It looks like Microsoft has found their second major hurdle in regards to their pending acquisition of Activision Blizzard. The Competition and Markets Authority (CMA), also known as the UK Competition Watchdog, has announced that they are officially launching an investigation into the deal, which is set at an astounding $68.7 billion, the largest attempted purchase in video game industry history. The purpose for this probe is to determine whether the deal is indeed fair for the market, as Microsoft will undoubtedly obtain a plethora of new IPs for their umbrella system.
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According to a statement made by the CMA, their main intent on this investigation is to “consider whether the deal could harm competition and lead to worse outcomes for consumers – for example, through higher prices, lower quality, or reduced choice.” A regulator will be running a consultation through July 20, during which they want to receive as much feedback as possible from any interested third parties who wanted to inquire about the deal. A deadline of September 1 has been set for the CMA to give its final review on the situation.
The CMA joins their American counterpart, the Federal Trade Commission (FTC) which is also looking into the proposed deal after several U.S. Senators sent a letter to the organization regarding their concerns. Since the purchase pertains to studios from around the world, the CMA could end up prohibiting the deal if they deem it a threat to the video game market. They can also request that the deal be amended such as divesting parts of their business in order to make it a bit more fair.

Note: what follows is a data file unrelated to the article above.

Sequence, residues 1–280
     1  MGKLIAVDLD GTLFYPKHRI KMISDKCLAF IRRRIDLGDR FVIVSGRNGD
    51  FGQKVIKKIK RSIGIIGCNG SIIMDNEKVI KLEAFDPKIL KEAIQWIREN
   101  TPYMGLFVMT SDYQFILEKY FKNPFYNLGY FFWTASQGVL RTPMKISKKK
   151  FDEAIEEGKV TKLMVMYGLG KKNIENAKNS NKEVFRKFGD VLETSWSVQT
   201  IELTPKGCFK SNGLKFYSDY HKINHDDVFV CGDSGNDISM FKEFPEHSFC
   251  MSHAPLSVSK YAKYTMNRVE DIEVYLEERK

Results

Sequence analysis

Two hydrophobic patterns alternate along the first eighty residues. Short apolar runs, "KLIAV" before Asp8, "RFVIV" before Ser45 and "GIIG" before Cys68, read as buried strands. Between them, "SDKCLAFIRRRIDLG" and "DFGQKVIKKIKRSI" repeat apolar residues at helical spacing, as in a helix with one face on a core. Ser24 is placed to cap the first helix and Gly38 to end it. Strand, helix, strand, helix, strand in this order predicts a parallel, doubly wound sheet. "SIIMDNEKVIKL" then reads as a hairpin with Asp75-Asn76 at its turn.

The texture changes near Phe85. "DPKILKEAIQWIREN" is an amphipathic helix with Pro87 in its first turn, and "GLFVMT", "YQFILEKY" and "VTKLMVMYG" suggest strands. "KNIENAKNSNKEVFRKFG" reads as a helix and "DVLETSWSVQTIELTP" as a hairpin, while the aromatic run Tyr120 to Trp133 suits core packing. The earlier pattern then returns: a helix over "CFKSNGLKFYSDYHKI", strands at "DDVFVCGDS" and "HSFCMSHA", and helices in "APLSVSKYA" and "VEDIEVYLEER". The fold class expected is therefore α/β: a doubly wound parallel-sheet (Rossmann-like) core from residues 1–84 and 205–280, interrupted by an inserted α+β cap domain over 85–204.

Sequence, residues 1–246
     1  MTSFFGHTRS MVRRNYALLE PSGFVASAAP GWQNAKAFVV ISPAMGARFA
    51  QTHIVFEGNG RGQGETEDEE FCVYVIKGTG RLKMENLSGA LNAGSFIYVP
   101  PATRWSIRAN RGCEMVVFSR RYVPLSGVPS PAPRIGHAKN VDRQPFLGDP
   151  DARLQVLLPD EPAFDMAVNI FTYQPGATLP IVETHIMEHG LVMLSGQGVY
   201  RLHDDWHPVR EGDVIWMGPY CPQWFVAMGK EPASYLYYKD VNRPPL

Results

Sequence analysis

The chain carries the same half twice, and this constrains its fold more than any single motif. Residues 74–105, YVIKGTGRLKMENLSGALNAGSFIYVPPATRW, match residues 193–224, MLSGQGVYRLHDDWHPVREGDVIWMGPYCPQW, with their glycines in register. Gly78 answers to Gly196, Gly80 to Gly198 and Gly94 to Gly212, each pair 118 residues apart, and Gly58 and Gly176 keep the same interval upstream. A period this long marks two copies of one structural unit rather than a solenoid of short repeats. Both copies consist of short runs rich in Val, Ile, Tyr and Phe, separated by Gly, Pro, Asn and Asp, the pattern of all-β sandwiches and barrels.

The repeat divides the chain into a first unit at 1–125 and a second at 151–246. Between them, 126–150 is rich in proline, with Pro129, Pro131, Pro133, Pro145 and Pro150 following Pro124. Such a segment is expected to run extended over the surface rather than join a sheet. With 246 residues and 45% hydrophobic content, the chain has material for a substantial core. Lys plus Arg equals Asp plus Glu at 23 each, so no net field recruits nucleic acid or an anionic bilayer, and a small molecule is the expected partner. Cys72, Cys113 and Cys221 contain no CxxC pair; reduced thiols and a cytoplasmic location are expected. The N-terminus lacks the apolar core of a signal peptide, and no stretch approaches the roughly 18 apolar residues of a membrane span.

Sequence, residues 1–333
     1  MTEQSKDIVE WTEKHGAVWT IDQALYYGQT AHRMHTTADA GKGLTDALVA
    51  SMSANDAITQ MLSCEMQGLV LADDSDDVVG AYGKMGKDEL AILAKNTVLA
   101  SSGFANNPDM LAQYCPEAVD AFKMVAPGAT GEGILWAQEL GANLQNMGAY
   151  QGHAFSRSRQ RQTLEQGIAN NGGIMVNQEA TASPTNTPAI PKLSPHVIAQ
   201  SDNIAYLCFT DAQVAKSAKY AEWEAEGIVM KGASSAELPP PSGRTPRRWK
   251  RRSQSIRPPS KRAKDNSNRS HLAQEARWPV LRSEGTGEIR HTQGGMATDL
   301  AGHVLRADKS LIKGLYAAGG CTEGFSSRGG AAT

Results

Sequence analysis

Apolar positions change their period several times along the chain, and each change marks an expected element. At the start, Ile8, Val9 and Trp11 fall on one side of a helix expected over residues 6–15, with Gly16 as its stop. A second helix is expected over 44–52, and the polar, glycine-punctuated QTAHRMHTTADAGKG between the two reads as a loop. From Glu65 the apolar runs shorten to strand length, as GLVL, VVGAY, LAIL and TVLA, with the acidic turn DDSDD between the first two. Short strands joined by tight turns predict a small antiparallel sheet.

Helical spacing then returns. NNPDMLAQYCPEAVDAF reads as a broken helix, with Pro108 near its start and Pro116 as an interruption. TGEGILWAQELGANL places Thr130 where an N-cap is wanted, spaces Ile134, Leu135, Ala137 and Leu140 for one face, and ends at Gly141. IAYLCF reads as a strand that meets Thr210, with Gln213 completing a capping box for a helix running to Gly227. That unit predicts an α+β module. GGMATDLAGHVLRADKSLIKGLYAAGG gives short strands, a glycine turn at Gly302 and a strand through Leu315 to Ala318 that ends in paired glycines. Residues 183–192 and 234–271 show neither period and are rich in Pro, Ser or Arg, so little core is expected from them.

These concerns, whether founded or unfounded, are only one aspect of the deal, which has seen several different forms of opinions since it was announced this past January. Some of these instances include the Activision Blizzard CEO Bobby Kotick, and how his position has more or less created controversy, especially should the deal go through. There’s also the matter of the lawsuit from the New York City’s Employees’ Retirement System, in which they believe that Activision Blizzard themselves have not acted in good faith, and were instead disingenuous with the purchase.
Either way, both Activision Blizzard and Microsoft are still hoping that the deal is approved by both sides and will eventually go through. The companies plan on having it completed by the first half of 2023, which was emphasized when Activision Blizzard shareholders approved Microsoft’s purchase this past April. Whether that happens remains to be seen, but what is for sure is that a lot more information is going to come out of this whole thing before all is said and done.